Humor Is a Good Thing

When we look at all the benefits of humor in our lives it is easy to see that it is a good thing. Science has discovered that it is healthy to laugh and have a sense of humor. We actually live longer in most cases.

We need to condition ourselves to laugh and see humor, because the world has conditioned us to be serious and negative. When we were small we were told not to laugh in school, in church, at the dinner table, in front of company and so on.

I was in the broadcast news business for years and as you know there is precious little to smile about in the news these days. The need for humor is everywhere.

I started looking for humor and guess what; I found it. Just look at the people around you, watch them and listen to them. Regardless of where you are from you’ll find something to chuckle about.

I live in a little town down south that is little more than a wide place in the road. And an old boy by the name of Cletus is our town entrepreneur, always looking for a way to make a fast buck.

Recently he took a CPR class and decided he was now qualified to give people medical advice, for a fee of course. So he set up his little office in back of the muffler shop and started charging people for his advice.

He said, “Why go to big city doctors when you can just come see me and save all that money. I’m cheaper and I can give you a discount on your muffler job!”

It wasn’t long, however, before people started catching on. He told one customer with a bad cough to take a half a box of Ex-Lax. “You’ll be afraid to cough!”

Another person with high blood pressure was told to cut himself and let it bleed for a few minutes. “It’s good for you and it’ll reduce the pressure in your veins. Of course, don’t forget to set the timer!”

Old Cletus is a few peas short of a casserole, but he’s always good for a laugh. And he’s always looking for ways to beat people out of their hard earned money.

We get a lot of Yankee tourists in our little town outside Nashville and Cletus decided one time that he had a sure fire way to pick up a few bucks. He put up a big sign that read, “Stop Here and See Where Elvis Is Buried!”

I said, “Cletus, Elvis is buried in Memphis!” He said, “He is not. He’s buried right out there behind the muffler shop and Yankees want to see it. He was in here having his muffler changed when he asked to use the bathroom and the next thing I know Elvis had left the building! Yes sir, Yankee money is good money!”

“And he’s buried out back you say?” I asked. “Yes sir, we didn’t make no big deal over it, we just buried him. Most people don’t know this story, but it’s time the Yankees knew the truth. And for a few more dollars I’ll show them his old muffler!”

Yes, life never gets dull around folks like Cletus. If nothing else he does cause us to laugh. Find the funny side of life wherever you are, and never underestimate the power of humor.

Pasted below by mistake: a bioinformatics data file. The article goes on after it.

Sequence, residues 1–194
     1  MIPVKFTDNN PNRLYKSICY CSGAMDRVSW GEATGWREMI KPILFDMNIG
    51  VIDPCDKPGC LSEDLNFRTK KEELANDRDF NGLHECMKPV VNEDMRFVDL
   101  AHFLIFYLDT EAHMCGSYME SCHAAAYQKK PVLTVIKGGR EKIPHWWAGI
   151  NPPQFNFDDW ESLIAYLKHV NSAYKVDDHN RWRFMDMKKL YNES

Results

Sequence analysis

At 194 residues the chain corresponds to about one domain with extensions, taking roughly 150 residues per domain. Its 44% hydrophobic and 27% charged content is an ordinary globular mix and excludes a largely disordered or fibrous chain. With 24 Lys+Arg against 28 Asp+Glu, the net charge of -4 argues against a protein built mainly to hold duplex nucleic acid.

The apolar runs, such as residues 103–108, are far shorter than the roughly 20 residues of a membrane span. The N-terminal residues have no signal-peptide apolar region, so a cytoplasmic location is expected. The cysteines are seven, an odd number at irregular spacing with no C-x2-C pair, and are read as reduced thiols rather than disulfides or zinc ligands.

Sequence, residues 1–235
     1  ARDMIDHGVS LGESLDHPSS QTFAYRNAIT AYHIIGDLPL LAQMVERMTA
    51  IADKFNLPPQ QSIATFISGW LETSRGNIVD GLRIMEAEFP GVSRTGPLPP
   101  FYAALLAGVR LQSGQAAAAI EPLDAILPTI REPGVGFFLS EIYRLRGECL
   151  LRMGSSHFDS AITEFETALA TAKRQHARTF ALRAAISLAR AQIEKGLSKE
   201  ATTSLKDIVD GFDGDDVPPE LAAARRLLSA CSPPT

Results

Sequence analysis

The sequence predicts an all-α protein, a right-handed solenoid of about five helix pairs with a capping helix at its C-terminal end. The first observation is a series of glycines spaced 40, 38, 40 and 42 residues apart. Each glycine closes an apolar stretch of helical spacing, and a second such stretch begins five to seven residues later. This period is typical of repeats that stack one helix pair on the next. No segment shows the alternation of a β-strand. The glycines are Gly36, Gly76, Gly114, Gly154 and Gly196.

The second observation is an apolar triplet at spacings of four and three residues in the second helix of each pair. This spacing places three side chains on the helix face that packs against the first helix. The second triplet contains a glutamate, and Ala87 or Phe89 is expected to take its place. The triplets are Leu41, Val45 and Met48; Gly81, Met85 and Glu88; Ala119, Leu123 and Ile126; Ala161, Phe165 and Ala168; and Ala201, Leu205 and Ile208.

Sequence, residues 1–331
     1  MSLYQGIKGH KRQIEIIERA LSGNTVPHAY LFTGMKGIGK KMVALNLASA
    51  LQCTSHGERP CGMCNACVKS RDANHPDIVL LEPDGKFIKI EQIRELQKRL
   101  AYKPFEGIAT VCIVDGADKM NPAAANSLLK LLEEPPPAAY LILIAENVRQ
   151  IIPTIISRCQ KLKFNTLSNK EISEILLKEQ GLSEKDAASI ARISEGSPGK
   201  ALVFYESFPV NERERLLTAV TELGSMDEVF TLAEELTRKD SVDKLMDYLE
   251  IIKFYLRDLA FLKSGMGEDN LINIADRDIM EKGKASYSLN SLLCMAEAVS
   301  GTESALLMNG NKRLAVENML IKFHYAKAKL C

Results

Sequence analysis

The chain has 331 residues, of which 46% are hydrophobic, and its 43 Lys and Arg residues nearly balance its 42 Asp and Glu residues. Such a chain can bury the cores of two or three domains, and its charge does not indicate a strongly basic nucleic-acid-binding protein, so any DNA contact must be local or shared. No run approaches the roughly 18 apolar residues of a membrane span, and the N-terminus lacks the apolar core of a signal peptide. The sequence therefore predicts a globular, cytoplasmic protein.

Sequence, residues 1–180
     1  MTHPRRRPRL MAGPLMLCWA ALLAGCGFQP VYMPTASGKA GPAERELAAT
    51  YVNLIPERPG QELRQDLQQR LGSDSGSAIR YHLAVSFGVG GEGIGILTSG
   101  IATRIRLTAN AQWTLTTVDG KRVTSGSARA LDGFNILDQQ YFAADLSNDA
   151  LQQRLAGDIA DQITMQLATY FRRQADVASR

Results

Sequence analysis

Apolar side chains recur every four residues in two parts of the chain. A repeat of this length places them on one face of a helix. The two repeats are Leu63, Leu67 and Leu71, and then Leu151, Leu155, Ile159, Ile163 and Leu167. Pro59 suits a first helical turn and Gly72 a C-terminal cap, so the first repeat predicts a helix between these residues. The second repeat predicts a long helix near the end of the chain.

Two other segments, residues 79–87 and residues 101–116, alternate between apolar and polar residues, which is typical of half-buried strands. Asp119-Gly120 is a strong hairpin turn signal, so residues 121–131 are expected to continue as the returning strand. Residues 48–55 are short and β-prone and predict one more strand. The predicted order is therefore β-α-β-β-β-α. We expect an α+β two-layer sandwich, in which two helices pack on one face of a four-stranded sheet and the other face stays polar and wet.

We need it. In fact we must have it to survive.

Mathematics and Humor – Paradoxical Bridge

Paradoxical Bridge

The issue regarding similarities between humor and mathematics has been examined by John Allen Paulos in his book “Mathematics and Humour” (1988). Both mathematics and humor are a sort of an intellectual game; in mathematics the accent falls on the logical side, in humor – on the funny side. Logic, patterns, formulas, structures – they are the essence of not just mathematics but also humor. In humor logic is reversed, patterns destroyed, formulas broken, and structure shaken. All these transformations are not, however, purely coincidental. The story takes the listener to a new level of sense and order, very different from the original one. Moreover, both mathematics and humor are simple and economical. The beauty of a mathematical proof depends to some degree on its level of concision and elegance. Similarly, a joke loses its strength when it’s long and heavy.

The bridge between humor and mathematics come from paradoxes and puzzles. They have a more intellectual character than a joke but a less serious tone than mathematics. For example:

Two trains, set apart from each other by a distance of 300 miles, begin to move towards each other alongside the same tracks. The first train goes at a speed of 100 miles per hour, whereas the second – 50 miles per hour. At the moment the trains begin to move a bird flying at the speed of 200 miles per hour takes off from the top of the first train and flies toward the other. Having reached its destination the bird turns around and flies back to the starting point and then repeats its flight between the two trains. How far will the bird fly before the trains collide?

If a person attempting to solve the puzzle focuses on the length of the flight alone, they will face the complex task of adding each consecutive path. However, if somebody realizes that the necessary time for the trains to meet is 2 hours (since the trains are approaching each other at the speed of 100 + 50 = 150 miles per hour), then they would immediately calculate that the bird will cover the distance of 2 x 200 = 400 miles.

Deduction and logic play an equally important role in mathematics and humor. Some rudimentary knowledge of logic is necessary to, for example, understand jokes build on syllogism. Very often jokes follow a structure that can be easily represented using logical deduction. For example: the teller of the joke says “In what model the axioms 1, 2, and 3 are true?”. Listener replies: “In model M”. The teller retorts: “Not at all! It’s model N”.

This is a common structure for many humorous puzzles.